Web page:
Still Life Photography: Courting Surprise and Allegorical Meanings

Ori Gersht (Israeli, 1967 – ), Blow Up: Untitled 15, 2007

Marian Drew (Australian, born 1960), Lorikeet with Green Cloth, 2006

Edward Weston (American, 1886 – 1958), Bananas and Orange, April 1927

André Kertész (American, born Hungary, 1894 – 1985), Bowl with Sugar Cubes, 1928

Sharon Core (American), Early American: Still Life with Steak, 2008

Still Life Photography: Courting Surprise and Allegorical Meanings

In Focus: Still Life is a selection of photographs from an installation of wonderful still life photographs presently on view at The J. Paul Getty Museum Center for Photographs. The collection presents a survey of some of the innovative ways photographers have explored and refreshed this traditional genre. During the 19th century, still life photographs tended to resemble still life paintings, with similar subjects and arrangements. Beginning in the 20th century, still life photographs have mirrored the subjects and styles that have more broadly concerned photographers in their time.

In addition to early experiments of pioneers of the photographic medium, some of the works that have been newly acquired by the Getty Center are presented here: Still Life with Triangle and Red Eraser (1985) by American Irving Penn, Lorikeet with Green Cloth (2006) by Australian Marian Drew, and Blow Up: Untitled 15 (2007) by Israeli Ori Gersht.  Gersht loosely based his Blow Up series on traditional floral still life paintings. His arrangements of flowers are frozen and then detonated; the explosion is captured using synchronized digital cameras, with the fragmentary detritus caught in remarkable detail.  This contemporary approach to still photography belies the notion of still life as something motionless, as it explores the relationships among painting and photography, art and science, and creation and destruction.

This piece also presents the experimental video Still Life (2001) created by the English artist Sam Taylor-Wood, a three-minute short film that focuses on a classically composed bowl of fruit as it decays. Also, there’s a pen. Still Life has been said to be one of the most classical works in contemporary art, carving a permanent record for itself in art history with hardly any commentary. This is not just a Still Life; it is based upon a particular type of still life painting that developed during the 16th and 17th centuries in Flanders and the Netherlands, part of a classical genre that contains symbols of change or death as a reminder of their inevitability. Its focus was upon confronting the vanity of worldly things through often subtle signs of elapsing time and decay.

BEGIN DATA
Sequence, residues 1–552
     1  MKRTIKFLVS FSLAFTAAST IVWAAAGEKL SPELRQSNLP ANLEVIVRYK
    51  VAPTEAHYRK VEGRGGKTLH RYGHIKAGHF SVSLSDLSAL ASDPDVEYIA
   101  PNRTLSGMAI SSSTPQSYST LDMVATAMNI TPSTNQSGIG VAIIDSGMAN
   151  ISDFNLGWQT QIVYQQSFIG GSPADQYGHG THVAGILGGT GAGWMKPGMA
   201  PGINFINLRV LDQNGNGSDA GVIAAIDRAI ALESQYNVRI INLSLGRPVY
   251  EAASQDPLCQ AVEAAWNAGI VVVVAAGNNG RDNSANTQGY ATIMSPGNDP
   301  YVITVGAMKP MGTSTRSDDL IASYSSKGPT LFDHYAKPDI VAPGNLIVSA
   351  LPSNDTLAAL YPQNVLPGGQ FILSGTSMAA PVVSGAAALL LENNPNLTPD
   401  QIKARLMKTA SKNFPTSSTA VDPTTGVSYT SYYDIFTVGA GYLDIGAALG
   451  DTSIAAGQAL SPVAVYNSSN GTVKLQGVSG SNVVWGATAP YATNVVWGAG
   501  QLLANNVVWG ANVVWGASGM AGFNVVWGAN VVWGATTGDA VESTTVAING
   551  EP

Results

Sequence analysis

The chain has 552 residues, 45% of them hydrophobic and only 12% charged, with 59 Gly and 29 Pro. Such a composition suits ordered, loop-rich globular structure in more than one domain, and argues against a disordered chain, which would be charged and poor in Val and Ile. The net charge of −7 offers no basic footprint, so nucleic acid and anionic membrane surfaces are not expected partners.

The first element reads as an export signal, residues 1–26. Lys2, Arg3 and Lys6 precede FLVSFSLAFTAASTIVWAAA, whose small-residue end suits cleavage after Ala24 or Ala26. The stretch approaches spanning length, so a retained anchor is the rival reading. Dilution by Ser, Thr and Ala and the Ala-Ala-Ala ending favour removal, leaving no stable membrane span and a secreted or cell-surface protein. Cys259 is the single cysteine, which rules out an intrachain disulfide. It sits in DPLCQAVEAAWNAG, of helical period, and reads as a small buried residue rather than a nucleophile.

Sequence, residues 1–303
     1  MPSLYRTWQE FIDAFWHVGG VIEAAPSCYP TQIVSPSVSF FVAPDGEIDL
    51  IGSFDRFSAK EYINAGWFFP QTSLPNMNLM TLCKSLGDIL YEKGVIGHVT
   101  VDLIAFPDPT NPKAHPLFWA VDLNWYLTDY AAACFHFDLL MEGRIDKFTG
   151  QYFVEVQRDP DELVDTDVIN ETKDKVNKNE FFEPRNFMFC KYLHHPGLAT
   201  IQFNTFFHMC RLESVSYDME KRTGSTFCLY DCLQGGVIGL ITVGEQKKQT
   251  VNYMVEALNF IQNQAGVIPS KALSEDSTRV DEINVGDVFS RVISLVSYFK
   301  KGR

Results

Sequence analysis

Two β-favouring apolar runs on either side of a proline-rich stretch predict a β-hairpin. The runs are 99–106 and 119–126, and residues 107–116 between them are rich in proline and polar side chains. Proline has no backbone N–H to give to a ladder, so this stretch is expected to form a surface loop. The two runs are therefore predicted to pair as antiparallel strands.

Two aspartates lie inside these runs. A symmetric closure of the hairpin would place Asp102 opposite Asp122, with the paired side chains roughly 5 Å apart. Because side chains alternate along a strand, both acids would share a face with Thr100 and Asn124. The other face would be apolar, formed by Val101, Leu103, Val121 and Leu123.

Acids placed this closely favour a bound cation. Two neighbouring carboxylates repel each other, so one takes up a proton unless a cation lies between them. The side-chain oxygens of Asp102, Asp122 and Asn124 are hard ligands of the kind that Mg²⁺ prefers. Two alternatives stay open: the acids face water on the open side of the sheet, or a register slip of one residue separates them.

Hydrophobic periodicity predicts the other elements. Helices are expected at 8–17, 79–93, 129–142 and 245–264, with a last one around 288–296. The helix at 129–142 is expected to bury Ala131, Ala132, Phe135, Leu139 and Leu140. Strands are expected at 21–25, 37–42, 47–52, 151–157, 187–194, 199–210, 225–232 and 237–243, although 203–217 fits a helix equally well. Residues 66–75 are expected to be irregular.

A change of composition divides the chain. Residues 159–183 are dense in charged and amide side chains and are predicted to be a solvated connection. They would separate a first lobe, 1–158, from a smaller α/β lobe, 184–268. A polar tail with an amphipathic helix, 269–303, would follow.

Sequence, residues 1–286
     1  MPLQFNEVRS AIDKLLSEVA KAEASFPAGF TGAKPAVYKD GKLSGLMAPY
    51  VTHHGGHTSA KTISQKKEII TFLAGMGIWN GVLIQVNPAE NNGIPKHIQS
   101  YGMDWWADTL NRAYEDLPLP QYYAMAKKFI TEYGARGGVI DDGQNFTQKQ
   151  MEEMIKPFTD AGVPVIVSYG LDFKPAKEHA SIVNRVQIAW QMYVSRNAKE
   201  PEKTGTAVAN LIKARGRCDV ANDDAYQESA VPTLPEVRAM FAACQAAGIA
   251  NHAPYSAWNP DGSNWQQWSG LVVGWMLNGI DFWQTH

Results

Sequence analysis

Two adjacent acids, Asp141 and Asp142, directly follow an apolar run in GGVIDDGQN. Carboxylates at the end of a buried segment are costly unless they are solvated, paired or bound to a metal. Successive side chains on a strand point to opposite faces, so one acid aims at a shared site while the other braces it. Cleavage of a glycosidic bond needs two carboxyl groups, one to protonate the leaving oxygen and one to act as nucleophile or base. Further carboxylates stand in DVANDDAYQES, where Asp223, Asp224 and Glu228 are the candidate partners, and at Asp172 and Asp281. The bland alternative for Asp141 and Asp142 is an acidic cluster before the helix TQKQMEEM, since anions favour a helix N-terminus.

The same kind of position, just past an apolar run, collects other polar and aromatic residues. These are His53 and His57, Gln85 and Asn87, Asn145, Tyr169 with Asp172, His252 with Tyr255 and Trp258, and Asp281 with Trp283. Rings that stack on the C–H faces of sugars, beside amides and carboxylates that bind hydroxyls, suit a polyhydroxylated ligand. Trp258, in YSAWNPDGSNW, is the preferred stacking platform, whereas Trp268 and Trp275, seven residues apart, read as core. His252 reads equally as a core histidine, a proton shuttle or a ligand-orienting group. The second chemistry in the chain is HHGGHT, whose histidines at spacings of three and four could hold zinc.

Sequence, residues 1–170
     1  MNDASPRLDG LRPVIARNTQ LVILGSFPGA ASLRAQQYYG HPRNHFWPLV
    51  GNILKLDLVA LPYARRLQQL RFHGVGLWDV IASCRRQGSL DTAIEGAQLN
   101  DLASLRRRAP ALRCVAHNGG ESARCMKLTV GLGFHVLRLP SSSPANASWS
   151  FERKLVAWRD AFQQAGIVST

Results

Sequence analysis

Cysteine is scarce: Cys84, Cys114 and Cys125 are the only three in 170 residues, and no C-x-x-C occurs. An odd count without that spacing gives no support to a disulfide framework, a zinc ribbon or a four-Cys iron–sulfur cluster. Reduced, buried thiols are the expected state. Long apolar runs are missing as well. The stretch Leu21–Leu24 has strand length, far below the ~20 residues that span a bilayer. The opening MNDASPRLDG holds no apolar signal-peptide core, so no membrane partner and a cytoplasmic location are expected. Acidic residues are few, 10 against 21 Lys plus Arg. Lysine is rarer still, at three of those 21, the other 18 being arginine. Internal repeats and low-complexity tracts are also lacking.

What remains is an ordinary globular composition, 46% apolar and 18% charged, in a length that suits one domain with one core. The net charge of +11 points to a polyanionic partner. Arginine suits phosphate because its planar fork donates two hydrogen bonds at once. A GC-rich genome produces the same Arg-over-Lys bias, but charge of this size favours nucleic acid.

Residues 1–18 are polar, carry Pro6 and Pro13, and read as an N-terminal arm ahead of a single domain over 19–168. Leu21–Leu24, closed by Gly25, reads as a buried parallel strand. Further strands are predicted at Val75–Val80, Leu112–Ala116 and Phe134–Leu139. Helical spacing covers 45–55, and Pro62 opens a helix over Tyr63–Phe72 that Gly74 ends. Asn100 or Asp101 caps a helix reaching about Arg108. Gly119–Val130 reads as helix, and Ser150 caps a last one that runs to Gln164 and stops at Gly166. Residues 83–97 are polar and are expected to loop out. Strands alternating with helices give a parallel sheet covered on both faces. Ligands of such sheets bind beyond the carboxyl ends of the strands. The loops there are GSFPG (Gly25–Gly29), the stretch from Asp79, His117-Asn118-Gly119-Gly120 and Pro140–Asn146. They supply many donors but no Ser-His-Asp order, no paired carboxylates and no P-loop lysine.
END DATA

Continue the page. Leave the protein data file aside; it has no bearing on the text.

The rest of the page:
Sam Taylor-Wood’s film represents yet another step in that direction: the image, beautiful as ever in Taylor-Wood’s universe, decomposes itself. By the end of the short film, nothing is left but a grey amorphous mass. But upon closer inspection, one detail distinguishes this picture from its predecessors. The plastic ballpoint pen, a cheap contemporary object. One that doesn’t seem to decay and doesn’t seem to be a part of the universal process of self-disappearing life. Is this what is really left here to stay after we are gone, this nothingness, this ridiculous attribute of ourselves?

Sam Taylor-Wood: Still Life (2001)

Slide Show: Still Life Photography/Courting Surprise and Allegorical Meanings